MIT pioneers a new approach to increase access to quality higher education
Governments traditionally try to ensure access to school education to everyone. It gets tricky with higher education — under graduation and graduation. The costs are high and the avenues of learning are few.
The selection for few seats in scarce higher education has traditionally followed Aristotle-ian concept of justice — “equals should be treated equally and unequals unequally”. It means that if you have only one guitar, it should be given to the person who plays guitar the best because that’s the purpose of guitar. Higher Education follows similar principles. The limited seats are given to those who prove their capability over others.
This approach may be practical but it leads to several issues.
One, it's difficult to determine 'capable candidates'. There are far too many deserving candidates compared to the number of vacant seats. A line drawn anywhere has some element of randomness induced in it and excludes some deserving candidates.
Two, privilege plays a huge role in the admission process. A rank in competitive exams is a function of one's economic conditions and privilege. It leaves out those genuinely interested but can’t afford to compete in the admission process.
Three, it doesn't give avenue to those who improve later. The screening procedure is before admission. It doesn’t guarantee student’s efforts after admission. At a point in between the course, the best student outside the top colleges may be better than the average student inside the top colleges. The best students outside are thus excluded.
Four, not everyone has money to afford the courses and financial backup to forego the earnings, to pursue the course.
MOOCs, pioneered by Coursera sought to bridge these problems. It filled a huge knowledge gap, empowering students who are genuinely interested to learn. However, it struck in the last mile problem, the problem of brand! People may be impressed if you have completed MOOCs but they don’t necessarily consider them equivalent to college degrees.
MIT’s new Micromasters programme bridges the gap of brand in MOOCs. Students are to initially complete 5 online courses. They have to write a test at designated locations in each country, for each course. Passing in all the 5 courses makes them eligible to an on campus 6 month exposure at MIT. The 6 month course covers rest theoretical subjects and an internship. After the internship, the student gets a full masters from MIT.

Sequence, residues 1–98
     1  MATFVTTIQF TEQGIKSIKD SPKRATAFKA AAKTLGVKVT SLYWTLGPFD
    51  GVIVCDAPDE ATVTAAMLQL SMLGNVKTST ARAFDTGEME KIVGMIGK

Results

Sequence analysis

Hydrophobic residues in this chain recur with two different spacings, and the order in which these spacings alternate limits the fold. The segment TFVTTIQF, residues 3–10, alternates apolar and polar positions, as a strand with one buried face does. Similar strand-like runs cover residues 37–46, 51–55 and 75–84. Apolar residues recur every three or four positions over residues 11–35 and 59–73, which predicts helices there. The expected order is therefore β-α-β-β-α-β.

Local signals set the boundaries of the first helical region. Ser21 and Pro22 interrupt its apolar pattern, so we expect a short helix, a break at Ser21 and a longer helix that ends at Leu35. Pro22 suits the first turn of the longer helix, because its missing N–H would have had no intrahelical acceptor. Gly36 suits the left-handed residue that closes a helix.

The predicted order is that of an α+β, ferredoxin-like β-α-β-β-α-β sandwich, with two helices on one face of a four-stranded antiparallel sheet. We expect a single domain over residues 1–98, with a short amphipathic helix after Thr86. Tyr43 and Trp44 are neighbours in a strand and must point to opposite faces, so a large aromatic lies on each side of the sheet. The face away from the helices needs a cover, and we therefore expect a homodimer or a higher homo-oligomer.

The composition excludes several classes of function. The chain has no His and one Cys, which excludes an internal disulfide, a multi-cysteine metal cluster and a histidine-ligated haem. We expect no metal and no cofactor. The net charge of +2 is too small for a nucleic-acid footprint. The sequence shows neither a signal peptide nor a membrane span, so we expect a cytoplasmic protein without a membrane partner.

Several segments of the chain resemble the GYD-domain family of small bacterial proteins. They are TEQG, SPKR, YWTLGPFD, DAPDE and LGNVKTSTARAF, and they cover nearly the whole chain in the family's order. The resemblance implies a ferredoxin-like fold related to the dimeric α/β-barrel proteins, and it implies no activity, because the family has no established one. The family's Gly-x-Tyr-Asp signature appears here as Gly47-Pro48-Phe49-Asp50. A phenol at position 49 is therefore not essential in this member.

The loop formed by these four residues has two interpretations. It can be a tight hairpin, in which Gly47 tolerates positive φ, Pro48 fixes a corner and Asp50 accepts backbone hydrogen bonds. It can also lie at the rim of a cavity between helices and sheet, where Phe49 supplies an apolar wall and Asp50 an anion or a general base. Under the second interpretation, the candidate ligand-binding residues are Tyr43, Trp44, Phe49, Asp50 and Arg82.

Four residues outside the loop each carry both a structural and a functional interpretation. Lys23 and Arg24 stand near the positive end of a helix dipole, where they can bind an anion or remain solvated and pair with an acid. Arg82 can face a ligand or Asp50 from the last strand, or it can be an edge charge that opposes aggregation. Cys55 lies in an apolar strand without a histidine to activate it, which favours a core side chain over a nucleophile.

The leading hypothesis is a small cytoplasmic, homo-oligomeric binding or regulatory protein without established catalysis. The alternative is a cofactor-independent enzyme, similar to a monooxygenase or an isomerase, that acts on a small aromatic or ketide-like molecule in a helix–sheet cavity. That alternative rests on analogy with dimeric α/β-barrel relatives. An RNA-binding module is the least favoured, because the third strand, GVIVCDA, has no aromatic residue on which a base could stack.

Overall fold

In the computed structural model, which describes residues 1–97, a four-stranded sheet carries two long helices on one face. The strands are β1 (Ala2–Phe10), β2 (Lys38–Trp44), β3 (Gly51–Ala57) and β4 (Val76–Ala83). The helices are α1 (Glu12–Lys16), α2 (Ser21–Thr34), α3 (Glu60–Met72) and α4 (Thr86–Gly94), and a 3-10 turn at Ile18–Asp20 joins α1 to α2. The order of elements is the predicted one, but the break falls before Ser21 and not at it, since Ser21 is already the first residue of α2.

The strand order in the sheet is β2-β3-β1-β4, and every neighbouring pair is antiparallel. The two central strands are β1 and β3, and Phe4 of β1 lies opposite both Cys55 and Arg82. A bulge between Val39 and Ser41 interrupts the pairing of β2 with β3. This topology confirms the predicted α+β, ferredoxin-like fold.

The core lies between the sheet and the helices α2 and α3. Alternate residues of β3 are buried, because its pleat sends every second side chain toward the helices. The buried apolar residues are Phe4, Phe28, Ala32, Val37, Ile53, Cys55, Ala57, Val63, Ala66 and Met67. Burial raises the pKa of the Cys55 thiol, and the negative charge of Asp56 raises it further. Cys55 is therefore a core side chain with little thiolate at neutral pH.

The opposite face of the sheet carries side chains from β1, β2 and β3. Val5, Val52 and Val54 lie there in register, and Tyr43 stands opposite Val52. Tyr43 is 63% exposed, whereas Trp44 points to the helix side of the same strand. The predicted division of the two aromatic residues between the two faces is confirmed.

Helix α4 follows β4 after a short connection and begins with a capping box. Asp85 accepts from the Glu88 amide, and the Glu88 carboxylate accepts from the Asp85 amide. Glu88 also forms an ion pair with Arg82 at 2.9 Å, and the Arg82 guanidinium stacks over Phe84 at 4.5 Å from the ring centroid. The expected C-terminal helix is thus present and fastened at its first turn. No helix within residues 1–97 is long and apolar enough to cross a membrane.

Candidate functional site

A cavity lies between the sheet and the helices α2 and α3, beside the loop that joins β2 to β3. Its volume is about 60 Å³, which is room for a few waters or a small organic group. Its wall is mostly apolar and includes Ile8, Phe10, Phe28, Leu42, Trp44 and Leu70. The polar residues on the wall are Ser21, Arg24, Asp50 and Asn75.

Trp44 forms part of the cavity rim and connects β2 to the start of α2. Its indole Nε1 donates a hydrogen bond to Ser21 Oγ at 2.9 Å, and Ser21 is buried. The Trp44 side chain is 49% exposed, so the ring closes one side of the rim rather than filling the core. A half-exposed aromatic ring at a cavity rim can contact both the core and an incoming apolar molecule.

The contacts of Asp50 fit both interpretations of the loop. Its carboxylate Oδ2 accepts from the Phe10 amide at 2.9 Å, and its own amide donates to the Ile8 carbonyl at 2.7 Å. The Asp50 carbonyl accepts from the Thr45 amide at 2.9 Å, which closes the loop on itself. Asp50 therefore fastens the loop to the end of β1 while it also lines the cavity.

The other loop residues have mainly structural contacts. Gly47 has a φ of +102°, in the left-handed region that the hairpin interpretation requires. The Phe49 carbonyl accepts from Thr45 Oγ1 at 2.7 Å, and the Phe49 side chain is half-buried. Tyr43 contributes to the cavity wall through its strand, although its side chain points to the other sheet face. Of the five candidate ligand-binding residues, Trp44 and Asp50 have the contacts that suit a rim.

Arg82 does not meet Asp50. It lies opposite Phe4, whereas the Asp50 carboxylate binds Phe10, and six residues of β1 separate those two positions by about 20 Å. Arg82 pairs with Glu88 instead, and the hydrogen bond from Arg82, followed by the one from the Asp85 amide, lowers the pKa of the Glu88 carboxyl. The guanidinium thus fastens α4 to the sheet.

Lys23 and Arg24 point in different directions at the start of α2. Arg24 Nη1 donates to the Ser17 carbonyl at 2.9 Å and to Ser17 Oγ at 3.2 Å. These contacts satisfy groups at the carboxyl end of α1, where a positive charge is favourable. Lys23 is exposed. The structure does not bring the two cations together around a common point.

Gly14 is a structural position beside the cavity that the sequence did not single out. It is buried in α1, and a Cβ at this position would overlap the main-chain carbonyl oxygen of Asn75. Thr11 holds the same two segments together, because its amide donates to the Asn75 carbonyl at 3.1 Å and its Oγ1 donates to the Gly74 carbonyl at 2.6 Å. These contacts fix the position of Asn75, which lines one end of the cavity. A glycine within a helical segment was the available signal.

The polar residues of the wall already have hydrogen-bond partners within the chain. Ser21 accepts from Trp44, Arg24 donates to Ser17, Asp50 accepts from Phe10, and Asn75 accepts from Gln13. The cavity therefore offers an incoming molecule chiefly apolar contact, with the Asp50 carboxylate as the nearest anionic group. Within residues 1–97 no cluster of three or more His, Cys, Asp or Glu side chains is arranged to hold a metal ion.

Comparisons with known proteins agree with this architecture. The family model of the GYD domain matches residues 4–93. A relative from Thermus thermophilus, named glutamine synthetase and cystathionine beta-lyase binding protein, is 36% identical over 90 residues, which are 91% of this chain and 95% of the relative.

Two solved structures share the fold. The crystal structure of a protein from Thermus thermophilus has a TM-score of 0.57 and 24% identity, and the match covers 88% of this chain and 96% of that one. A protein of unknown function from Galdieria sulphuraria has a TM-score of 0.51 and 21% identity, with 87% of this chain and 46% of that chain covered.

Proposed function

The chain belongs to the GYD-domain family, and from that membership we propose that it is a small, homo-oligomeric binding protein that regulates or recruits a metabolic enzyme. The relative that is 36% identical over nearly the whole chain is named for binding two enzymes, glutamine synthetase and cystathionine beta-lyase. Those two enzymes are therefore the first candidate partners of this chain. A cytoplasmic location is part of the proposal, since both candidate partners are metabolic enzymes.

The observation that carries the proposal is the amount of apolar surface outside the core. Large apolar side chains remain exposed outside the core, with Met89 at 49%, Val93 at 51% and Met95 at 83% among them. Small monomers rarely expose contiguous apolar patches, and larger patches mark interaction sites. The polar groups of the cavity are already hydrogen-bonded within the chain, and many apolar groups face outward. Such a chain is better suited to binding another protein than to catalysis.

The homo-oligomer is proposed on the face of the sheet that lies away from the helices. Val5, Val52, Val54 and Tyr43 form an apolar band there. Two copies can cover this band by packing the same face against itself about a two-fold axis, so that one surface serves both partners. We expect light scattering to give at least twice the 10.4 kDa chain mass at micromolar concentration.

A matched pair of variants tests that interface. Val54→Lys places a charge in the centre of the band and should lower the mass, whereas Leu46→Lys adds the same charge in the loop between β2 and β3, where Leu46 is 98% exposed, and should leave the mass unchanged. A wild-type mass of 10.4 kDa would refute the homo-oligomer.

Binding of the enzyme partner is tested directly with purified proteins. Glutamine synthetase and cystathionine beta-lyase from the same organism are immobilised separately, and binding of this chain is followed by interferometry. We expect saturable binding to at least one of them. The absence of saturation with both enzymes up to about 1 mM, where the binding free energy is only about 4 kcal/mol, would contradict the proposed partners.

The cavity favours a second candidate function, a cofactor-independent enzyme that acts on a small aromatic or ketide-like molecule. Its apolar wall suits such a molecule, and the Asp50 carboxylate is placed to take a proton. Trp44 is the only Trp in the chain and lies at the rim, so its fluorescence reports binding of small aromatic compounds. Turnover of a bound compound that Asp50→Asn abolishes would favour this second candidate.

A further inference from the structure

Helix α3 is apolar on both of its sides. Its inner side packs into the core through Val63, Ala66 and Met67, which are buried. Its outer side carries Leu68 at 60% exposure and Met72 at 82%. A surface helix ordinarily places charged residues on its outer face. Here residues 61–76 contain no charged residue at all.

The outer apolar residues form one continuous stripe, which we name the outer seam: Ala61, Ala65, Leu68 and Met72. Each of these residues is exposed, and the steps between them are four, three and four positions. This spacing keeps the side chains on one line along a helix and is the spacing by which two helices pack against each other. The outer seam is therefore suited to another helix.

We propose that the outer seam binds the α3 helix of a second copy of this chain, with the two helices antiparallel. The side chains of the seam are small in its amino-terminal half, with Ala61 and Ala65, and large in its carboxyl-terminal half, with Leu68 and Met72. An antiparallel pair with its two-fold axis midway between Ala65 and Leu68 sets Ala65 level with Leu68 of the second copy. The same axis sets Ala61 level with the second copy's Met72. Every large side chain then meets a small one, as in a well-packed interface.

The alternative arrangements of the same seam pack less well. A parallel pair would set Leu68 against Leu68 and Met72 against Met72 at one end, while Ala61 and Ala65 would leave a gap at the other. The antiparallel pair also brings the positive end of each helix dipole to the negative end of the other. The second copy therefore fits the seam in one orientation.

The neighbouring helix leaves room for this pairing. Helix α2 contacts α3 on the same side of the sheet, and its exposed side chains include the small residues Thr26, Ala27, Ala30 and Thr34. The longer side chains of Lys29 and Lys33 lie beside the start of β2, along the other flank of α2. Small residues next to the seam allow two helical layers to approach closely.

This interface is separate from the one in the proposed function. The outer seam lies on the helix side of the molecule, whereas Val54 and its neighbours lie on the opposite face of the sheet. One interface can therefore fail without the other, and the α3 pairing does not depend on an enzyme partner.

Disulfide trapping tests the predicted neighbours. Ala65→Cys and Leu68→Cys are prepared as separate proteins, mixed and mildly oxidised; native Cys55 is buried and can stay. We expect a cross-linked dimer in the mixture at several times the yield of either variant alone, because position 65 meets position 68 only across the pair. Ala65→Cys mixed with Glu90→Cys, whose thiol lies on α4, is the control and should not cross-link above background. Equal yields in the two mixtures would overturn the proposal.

MIT’s micromasters initiative combines the best of online learning and the advantages of an university degree. It gives flexibility to students to learn at their own pace. It screens students by providing them a genuine opportunity to display their interest by completing the online courses. The 6 month on campus programme drastically reduces the time costs. It gives an MIT degree. Academic rigour is not compromised in the process because the student writes pen-paper tests for each of the courses. It’s the best of all worlds.
It’s time for IITs, IIMs and other top colleges to implement this. IIT Kharagpur has started online courses, where IIT KGP professors teach video lessons. On designated days, students gather at a particular center in a city and professors take questions from students across the country. It’s a first step in providing access to quality higher education. They can go a step ahead and give an opportunity to some of those students to get accreditation from IITs, in form of micro degrees. It will go a long way in encouraging the best and brightest of the country to realize their full potential.